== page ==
What are some excersizes or websites or w.e. that can help with hearing the roots in the chords? I use this to test my chord ear:
http://www.musictheory.net/exercises/ear-chord

Did you ever sort out the best way to hear diminished/augmented.....
i'm trying this now.......my approach is to learn the root to fifth tone and fifth to root sounds...so for diminished ( tritones).....i'm hearing 'the simp(sons)' ascending... or preferably descending ....Blue 7 ( Sonny Rollins)......i need to lock in one of these sounds to the chord sound..
sometimes i mis-hear and think its a minor chord....( i associate minor with "greensleeves")...

how are you doing this?
#9
diminished chords have a very distinct sound.every note being a minor third apart.and as a symmetrical scale (8 tone) it has a specific purpose..as it is tought...any note can be the root (of the arpeggio-1 b3-b5-6 tones of the scale which form the chord Xdim7 on each tone)..which is true..an in depth study of how the chord is used in context of song structures will bring understanding to this very versatile chord.

the augmented chord is formed from the six tone augmented scale (also symmetrical)..tones 1-3-#5 produce another unique sound and it is used with care and caution in song structures..finding the root by ear for this chord may be a bit of a challenge..but again..hearing it in context of a song may open the understand of how this wonderful chord works.

a thorough study of both these chord types should keep one busy for quite a while as they open many harmonic and melodic roads to voice leading, harmonic devices, melodic intervals and chord substitution and re-harmonization

play well

wolf
Last edited by wolflen at Aug 12, 2013,
#10
 Well, pal, I recommend you to save your health, it is not a toy to playing, so...at first, you have to go to the doctor!  So, in case audiology expert or doctor can’t localize your problem, you should  go to neurologist or cardiology specialist. Only this way can help you to find the reason. My uncle has the same problem. I bought hearing aid for him, but I had spent a relatively long time in the good hearing aid searching. Finally I found it on artone with hope it will work for a long time. Fortunately it has been working for a while and I hard believe it will keep working constantly. I can recommend you only; go to the doctor, don't wait for a miracle, it will not disappear itselves. 
#12
macashmacktranscribing basslines will help you identify the root note. If you can already hear the essence of the chord as you say, then that's half the battle won already.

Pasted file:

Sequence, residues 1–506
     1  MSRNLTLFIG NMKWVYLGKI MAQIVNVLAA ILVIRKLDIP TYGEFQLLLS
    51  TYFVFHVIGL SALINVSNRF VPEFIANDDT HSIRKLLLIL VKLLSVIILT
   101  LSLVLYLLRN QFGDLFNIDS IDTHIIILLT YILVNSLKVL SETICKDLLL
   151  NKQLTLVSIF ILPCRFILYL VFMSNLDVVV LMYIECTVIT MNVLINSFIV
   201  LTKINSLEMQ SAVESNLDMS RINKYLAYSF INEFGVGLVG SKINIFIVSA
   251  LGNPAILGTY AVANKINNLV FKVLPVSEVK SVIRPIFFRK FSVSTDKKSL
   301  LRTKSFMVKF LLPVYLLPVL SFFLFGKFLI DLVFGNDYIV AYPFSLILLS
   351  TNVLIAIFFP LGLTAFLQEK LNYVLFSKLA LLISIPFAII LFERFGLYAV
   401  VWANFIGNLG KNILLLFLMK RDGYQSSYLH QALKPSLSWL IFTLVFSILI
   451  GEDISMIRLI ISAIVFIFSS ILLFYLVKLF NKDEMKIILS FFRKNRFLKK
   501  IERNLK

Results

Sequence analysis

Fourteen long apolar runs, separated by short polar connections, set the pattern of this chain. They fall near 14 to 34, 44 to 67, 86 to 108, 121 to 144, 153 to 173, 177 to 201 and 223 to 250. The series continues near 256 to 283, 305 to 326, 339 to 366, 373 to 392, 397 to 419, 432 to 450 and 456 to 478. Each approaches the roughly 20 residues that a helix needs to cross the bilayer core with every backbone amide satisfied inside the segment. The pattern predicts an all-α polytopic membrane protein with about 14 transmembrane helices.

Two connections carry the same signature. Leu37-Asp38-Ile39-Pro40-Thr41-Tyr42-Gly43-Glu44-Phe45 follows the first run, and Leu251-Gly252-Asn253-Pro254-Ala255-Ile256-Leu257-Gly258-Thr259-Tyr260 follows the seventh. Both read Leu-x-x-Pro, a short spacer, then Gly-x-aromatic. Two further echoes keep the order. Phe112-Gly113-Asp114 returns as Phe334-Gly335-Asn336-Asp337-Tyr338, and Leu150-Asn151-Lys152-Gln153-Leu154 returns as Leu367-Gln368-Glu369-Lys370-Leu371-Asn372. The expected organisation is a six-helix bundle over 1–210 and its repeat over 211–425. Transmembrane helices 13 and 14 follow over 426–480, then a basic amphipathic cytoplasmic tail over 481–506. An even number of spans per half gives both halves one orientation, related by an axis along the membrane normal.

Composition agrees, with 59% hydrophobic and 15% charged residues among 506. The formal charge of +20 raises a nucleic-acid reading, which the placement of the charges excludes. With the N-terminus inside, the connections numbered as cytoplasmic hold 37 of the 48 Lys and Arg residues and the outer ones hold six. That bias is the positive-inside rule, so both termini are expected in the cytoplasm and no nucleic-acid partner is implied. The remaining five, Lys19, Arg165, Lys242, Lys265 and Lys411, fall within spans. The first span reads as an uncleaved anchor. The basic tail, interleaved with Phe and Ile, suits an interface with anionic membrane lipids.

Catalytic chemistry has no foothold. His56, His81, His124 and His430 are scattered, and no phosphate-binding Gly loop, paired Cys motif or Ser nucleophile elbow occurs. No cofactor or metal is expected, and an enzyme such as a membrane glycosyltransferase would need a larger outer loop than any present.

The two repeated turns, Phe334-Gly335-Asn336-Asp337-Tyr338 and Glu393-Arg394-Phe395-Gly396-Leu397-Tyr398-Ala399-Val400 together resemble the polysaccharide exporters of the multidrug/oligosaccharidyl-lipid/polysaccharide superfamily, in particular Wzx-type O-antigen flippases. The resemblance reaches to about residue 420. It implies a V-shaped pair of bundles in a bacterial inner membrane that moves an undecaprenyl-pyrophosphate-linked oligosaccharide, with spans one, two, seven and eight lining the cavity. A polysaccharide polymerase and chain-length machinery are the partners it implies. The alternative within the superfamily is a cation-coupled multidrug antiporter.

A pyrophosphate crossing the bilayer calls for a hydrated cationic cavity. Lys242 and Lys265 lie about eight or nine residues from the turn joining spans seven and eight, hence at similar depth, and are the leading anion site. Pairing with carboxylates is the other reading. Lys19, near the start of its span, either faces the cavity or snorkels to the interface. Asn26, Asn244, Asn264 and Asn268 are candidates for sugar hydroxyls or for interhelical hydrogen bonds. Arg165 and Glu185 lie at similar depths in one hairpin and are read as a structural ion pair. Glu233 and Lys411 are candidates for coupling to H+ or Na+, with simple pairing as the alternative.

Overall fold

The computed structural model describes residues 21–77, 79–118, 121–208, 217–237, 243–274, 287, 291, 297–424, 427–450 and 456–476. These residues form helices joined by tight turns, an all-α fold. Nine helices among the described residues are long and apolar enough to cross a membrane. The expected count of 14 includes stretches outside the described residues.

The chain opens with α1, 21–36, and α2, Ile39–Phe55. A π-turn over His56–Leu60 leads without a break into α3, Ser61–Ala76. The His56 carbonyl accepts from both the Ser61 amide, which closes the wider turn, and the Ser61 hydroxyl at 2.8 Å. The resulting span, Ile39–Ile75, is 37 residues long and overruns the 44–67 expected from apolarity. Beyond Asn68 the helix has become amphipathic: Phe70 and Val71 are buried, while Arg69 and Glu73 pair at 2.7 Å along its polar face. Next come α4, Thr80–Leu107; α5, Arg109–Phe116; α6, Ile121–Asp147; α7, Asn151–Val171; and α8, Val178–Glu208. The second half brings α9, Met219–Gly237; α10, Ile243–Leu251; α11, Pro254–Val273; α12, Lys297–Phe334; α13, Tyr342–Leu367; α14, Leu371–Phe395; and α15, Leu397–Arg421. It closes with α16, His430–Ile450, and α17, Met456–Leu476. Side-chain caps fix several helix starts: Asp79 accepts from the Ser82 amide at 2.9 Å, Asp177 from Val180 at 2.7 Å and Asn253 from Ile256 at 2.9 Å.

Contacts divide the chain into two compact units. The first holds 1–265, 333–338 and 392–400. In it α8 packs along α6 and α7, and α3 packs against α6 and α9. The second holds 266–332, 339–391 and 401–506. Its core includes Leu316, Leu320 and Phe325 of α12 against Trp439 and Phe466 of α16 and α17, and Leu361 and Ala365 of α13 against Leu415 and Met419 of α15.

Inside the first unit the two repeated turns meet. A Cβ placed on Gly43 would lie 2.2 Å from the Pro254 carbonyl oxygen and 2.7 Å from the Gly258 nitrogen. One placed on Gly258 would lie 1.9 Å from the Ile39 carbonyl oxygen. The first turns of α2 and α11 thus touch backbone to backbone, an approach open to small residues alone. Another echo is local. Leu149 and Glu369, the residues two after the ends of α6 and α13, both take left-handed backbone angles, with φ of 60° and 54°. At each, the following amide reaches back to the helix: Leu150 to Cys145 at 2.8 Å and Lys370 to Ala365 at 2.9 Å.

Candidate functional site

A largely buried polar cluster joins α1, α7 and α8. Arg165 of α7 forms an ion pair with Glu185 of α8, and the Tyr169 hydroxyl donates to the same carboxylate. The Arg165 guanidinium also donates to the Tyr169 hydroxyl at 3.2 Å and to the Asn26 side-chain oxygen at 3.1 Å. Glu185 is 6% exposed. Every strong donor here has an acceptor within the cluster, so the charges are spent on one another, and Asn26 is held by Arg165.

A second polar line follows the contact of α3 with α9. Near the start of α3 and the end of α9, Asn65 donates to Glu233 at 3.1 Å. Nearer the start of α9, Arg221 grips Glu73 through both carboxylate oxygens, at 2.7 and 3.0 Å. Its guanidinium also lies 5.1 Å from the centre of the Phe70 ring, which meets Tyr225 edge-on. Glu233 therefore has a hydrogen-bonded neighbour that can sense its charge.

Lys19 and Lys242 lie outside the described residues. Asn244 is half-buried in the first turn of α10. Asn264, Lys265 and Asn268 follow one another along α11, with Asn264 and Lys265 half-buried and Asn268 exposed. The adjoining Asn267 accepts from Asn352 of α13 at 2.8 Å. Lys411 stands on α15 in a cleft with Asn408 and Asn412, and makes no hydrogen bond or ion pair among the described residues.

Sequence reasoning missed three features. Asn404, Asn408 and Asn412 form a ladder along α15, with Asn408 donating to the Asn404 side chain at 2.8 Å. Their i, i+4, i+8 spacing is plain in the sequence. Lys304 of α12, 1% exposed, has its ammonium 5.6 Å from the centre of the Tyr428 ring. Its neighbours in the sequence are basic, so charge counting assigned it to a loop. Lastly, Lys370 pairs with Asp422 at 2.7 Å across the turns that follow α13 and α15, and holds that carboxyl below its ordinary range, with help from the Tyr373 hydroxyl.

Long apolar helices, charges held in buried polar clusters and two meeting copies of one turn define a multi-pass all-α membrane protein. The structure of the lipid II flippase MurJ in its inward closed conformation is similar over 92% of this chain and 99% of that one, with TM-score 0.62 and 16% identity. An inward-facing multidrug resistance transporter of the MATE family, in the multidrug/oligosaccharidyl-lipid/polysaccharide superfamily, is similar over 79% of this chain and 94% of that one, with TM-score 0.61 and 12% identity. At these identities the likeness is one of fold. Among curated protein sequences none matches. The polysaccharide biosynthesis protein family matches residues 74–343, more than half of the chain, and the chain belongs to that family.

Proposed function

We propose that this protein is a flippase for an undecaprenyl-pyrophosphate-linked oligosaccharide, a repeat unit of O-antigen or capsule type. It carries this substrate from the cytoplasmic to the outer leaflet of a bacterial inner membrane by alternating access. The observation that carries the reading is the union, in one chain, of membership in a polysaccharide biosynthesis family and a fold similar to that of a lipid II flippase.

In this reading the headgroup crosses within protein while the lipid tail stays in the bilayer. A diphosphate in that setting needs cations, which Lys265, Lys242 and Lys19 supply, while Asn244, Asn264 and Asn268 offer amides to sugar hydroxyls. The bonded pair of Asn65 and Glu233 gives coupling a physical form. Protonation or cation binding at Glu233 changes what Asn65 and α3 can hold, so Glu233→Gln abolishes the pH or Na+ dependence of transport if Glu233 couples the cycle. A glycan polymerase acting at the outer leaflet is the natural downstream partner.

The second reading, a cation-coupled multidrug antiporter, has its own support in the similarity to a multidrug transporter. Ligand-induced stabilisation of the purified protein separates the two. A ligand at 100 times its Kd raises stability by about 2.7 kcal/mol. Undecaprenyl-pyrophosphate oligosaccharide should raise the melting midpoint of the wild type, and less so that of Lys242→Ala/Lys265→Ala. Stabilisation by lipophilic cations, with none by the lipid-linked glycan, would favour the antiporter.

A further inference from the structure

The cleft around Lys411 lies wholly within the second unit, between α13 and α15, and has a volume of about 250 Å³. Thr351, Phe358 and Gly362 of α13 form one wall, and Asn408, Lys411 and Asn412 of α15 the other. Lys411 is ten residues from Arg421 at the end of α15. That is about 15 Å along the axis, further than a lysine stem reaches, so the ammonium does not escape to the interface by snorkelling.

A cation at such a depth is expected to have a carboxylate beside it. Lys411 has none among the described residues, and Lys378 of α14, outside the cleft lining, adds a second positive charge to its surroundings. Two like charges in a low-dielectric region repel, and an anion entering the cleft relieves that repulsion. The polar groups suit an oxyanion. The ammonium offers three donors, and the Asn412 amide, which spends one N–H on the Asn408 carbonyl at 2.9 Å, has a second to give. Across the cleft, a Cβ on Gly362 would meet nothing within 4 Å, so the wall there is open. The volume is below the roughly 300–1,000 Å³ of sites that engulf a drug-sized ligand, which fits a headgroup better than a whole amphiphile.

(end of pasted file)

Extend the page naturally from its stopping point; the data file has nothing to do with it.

Last edited by mdc at Jul 30, 2017,
#13
Besides hearing and identifying chords on a website or app, and singing the chord.
You can try to play on a piano/guitar the chord to feel the sound.
You can sing the arpeggio or randomly

But basically, it's repetition and repetition with this kind of things. There is no magic.
#14
"Training" may be the wrong word for how you want to learn this.

Trying to identify intervals or scale degrees between the pitches is too slow and unnecessary. You want to learn to recognize chord types instantly in various musical contexts just like you recognize a familiar face whether it is close or far, front, angle or profile, lighting is bright or dark, etc. When you recognize a face, that happens before or even without you immediately recalling their name, without comparing the distances between eyes, nose, and mouth, without doing any geometric pattern analysis of their faces' parts - you recognize them instantly. That is the way you want to recognize chord types.

Most people can already do this for major and minor chord types, and it just takes a while to get the rest. Hearing chords in real music is the best way to learn because the chords are not random, they have functional meaning. You learn that when you hear a certain sequence of chords there are various possible "paths" the music can take, including the use of certain chord types that you can anticipate. Confirmation of an anticipated possible chord is similar to instant recognition, really about the same thing because both use the same underlying process - functional hearing of the music.
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#15
I recommend looking at thread age before responding to a thread that's been bumped by a bot.